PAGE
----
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Why Singapore Is The Latest Blue Zone & What We Can Learn From It

Emma Loewe
August 30, 2023
Emma Loewe
mbg Sustainability + Health Director
By Emma Loewe
mbg Sustainability + Health Director
Emma Loewe is the Senior Sustainability Editor at mindbodygreen and the author of "Return to Nature: The New Science of How Natural Landscapes Restore Us."
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Image by Rob and Julia Campbell / Stocksy
August 30, 2023
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In the early 2000s, Dan Buettner set out to reverse engineer longevity by visiting the places in the world where people seemed to live the longest. In the years since, all eyes have been on the five "blue zones" he analyzed—Okinawa Prefecture, Japan; Nuoro Province, Sardinia, Italy; the Nicoya Peninsula, Costa Rica; Icaria, Greece; and Loma Linda, California.

And now, there's a new blue zone on the block. In his new book, The Blue Zones Secrets for Living Longer: Lessons From the Healthiest Places on Earth, Buettner reveals why Singapore is a longevity hot spot—and what we can all stand to learn from the island nation.

Why Singapore is the latest blue zone

Singapore is unlike any other blue zone. It doesn't have the traditional practices of Icaria, the united faith of Loma Linda, the geographical isolation of Sardinia, or the sprawling natural abundance of the Nicoya Peninsula. Instead, Singapore is a melting pot of different cultures that was only established in 1965. It's also the most urbanized of all the blue zones, with 5.8 million residents squeezed into a land area about one-fourth the size of Rhode Island.

And yet, as Buettner notes in his new book, since its founding, Singapore's average life expectancy has skyrocketed almost 20 years. "Singaporeans have about 10 more healthy years of life expectancy and far lower rates of chronic disease than we have in the U.S.," Buettner explains on a call to mindbodygreen. The number of centenarians on the island has more than doubled in the past decade (from 700 to 1,500), and Singaporeans' health care system consistently ranks as one of the best in the world.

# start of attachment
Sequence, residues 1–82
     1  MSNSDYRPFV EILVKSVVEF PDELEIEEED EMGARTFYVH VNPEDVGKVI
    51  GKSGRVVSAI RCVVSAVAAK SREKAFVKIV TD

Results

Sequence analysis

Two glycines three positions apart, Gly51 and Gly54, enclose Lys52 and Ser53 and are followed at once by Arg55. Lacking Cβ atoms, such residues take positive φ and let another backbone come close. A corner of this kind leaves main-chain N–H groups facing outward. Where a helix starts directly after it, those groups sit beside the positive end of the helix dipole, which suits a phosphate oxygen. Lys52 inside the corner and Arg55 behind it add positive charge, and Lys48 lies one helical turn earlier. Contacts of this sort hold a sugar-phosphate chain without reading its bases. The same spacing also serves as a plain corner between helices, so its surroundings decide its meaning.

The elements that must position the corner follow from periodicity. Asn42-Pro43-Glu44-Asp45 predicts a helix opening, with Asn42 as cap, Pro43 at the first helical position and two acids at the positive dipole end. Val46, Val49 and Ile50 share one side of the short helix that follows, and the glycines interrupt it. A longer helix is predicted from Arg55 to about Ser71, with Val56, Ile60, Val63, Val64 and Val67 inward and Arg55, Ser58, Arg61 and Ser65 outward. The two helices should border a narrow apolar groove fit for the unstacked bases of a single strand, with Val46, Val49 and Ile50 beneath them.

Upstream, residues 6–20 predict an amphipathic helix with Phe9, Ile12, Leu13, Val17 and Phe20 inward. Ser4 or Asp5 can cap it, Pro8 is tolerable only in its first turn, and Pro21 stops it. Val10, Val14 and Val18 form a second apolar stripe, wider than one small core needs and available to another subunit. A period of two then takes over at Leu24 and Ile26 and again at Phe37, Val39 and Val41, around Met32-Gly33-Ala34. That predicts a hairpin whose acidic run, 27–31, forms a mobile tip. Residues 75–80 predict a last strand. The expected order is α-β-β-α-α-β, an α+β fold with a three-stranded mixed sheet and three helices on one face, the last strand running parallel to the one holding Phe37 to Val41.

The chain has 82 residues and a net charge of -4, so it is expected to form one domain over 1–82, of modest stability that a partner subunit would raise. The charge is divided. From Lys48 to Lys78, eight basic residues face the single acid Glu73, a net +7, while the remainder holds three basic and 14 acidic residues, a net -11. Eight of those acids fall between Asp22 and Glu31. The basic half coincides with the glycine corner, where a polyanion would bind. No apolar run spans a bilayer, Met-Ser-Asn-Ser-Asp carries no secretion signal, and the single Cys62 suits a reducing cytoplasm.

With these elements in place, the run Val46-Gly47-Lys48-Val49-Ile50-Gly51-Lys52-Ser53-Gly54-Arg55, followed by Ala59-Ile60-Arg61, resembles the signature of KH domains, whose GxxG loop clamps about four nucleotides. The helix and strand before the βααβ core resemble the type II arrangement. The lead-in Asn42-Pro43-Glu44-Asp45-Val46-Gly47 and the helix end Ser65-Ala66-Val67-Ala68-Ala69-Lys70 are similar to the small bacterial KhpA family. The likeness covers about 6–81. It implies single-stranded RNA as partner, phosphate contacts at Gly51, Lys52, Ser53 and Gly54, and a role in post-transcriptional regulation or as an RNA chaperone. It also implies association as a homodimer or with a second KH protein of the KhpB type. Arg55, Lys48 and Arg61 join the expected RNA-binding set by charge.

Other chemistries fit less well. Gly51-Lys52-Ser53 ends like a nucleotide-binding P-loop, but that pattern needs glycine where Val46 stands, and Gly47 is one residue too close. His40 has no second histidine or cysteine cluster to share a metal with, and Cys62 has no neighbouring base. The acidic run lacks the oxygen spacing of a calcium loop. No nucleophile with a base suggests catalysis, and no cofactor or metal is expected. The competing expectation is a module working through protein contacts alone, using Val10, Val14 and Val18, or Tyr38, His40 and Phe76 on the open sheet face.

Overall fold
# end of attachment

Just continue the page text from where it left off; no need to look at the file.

As Buettner writes in his book, "Clearly, Singapore has been doing something right for its aging population—and doing it in its own way."

What's behind the island's success?

So, how did such a young nation manage to bake longevity into its DNA from the beginning?

For starters, the Singaporean government has set a slew of policies that incentivize healthy eating—from taxing sugary beverages and alcohol to providing some discounts on more nutritious items like whole grains. Not to mention, it has set strict bans on guns and drugs like opioids—two leading causes of death in the Western world.

While Singapore's heavy government intervention won't be universally translatable, there are a few other components of its strategy that other countries can learn from. For example, the island has nationwide health care and a robust workplace wellness program that offers regular screenings to monitor employees for high blood pressure, diabetes, and high cholesterol. Buettner also touches on Singapore's National Steps Challenge, which invites residents to track their daily exercise on an app in return for e-vouchers they can redeem at select restaurants and stores. There are also some unique incentives for multigenerational housing, which can combat loneliness and promote mental and physical health1 among older (and younger) family members.

"If your aging parent lives with you, or even within about 500 feet of you, you get a tax break because they know the older person is getting care," Buettner explains.

Singapore offers a blueprint for anti-aging city design

The streets of Singapore are designed for people—not just cars—with plenty of sidewalks and covered walkways. Communities are also designed so that essential services like grocery stores and coffee shops (yes, coffee is part of the longevity diet here!) are within walking distance of home. This type of condensed city design has been shown to improve the metabolic health of its residents2.